8. ^ Loizides, Michael; Alvarado, Pablo; Clowez, Philippe; Moreau, Pierre-Arthur; de la Osa, Luis Romero; Palazón, Antonio (2015). "Morchella tridentina, M. rufobrunnea, and M. kakiicolor: a study of three poorly known Mediterranean morels, with nomenclatural updates in section Distantes". Mycol Progress. 14 (3). doi:10.1007/s11557-015-1030-6. S2CID 16132175.
  9. ^ Harald Kellner; Carsten Renker & François Buscot (2005). "Species diversity within the Morchella esculenta group (Ascomycota: Morchellaceae) in Germany and France" (PDF). Organisms, Diversity & Evolution. 5 (2): 101–107. doi:10.1016/j.ode.2004.07.001. Archived from the original (PDF) on 2011-07-19. Retrieved 2012-02-20.
  10. ^ Hatıra Taşkına; Saadet Büyükalacaa; Hasan Hüseyin Doğanb; Stephen A. Rehnerc; Kerry O'Donnell (Aug 2010). "A multigene molecular phylogenetic assessment of true morels (Morchella) in Turkey". Fungal Genetics and Biology. 47 (8): 672–682. doi:10.1016/j.fgb.2010.05.004. PMID 20580850.
  11. ^ Taşkın, H.; Büyükalaca, S.; Hansen, K. & O’Donnell, K. (March–April 2012). "Multilocus phylogenetics analysis of true morels (Morchella) reveals high levels of endemics in Turkey relative to other regions of Europe". Mycologia. 104 (2): 446–461. doi:10.3852/11-180. PMID 22123659. S2CID 207685509.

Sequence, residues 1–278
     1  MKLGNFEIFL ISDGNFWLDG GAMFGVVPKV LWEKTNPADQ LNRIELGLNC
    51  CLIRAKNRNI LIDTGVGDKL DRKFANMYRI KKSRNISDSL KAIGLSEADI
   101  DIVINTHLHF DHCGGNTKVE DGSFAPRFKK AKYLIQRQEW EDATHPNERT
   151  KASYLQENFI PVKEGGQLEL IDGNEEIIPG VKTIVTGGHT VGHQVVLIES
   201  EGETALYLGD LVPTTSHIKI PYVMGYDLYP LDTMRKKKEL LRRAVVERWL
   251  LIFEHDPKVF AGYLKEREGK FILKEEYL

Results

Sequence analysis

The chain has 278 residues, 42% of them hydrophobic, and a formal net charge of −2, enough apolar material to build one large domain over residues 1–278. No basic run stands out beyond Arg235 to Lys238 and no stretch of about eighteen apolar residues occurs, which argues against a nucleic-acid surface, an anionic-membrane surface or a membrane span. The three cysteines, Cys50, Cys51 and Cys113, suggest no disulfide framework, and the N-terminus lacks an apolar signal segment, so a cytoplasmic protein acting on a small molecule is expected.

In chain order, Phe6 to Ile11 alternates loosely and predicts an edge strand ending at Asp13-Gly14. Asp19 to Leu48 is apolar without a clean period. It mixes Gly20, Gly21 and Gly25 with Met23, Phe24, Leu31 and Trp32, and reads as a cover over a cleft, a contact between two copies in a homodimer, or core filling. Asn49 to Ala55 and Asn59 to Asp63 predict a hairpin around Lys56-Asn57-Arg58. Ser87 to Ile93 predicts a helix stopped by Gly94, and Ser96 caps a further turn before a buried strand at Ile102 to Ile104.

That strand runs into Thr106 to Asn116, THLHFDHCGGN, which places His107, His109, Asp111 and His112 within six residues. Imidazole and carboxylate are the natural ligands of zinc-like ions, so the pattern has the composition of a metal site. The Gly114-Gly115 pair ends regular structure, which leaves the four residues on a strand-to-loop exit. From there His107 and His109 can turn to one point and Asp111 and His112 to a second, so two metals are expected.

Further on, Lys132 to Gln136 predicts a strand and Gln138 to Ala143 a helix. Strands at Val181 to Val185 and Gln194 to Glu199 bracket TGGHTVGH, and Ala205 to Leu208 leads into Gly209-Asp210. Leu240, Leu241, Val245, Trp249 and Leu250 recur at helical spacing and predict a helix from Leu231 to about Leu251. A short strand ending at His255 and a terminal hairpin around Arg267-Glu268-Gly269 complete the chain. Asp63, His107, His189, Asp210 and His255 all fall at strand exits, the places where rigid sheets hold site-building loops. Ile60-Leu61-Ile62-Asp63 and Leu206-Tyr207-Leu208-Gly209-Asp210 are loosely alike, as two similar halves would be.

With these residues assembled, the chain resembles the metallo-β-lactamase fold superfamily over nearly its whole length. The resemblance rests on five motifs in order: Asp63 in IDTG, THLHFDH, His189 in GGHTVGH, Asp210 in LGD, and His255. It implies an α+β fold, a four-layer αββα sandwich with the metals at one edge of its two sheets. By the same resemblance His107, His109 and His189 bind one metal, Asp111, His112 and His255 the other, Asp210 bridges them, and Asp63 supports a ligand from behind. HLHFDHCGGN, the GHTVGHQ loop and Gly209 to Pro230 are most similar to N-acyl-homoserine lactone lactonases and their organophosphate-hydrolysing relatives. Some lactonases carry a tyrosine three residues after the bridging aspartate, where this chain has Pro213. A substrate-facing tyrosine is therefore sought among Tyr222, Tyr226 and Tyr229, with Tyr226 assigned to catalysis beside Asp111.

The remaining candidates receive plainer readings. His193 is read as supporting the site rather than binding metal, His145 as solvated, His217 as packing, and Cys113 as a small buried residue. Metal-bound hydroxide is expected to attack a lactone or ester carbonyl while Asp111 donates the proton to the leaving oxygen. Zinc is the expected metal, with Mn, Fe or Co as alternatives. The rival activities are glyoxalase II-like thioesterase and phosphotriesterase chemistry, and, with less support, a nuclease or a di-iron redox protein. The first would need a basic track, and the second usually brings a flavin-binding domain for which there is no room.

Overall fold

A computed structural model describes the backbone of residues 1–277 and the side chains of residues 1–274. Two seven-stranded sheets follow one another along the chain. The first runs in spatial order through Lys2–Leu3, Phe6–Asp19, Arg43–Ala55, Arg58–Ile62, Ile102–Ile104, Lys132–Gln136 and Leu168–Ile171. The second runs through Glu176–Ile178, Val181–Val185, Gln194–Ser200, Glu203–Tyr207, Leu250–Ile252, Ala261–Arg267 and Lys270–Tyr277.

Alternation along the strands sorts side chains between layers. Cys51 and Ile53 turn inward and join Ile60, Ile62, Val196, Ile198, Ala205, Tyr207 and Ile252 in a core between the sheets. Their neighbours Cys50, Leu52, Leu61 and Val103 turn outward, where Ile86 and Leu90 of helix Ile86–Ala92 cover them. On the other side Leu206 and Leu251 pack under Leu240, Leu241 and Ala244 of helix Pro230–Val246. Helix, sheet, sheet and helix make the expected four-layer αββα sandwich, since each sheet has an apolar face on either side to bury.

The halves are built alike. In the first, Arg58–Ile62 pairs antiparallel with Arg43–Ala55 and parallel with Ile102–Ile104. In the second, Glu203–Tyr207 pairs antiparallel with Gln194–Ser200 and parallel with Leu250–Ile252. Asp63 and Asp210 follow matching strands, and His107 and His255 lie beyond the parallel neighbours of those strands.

12. ^ S. Masaphy; L. Zabari & D. Goldberg (2009). "New long-season ecotype of Morchella rufobrunnea from northern Israel" (PDF). Micologia Aplicada International. 21 (2): 45–55. Archived (PDF) from the original on 2011-07-22. Retrieved 2012-02-20.
  13. ^ Kanwal HK, Acharya K, Ramesh G, Reddy MS (Dec 25, 2010). "Molecular Characterization of Morchella Species from the Western Himalayan Region of India". Current Microbiology. 62 (4): 1245–1252. doi:10.1007/s00284-010-9849-1. PMID 21188589. S2CID 1394087.
  14. ^ Fries EM (1822). Systema Mycologicum. Vol. 2. Lundin, Sweden: Ex Officina Berlingiana. p. 8.
  15. ^ Phillips R. "Morchella elata". Rogers Mushrooms. Archived from the original on 2008-05-18. Retrieved 2008-12-16.
  16. ^ Parguey-Leduc, A; Janex-Favre, M-C; Bruxelles, G (1998). "Comparative study of the asci and ascospores of some Morels (Genus Morchella, Ascomycetes)". Cryptogamie, Bryologie, Lichénologie. 19 (2–3): 277–292.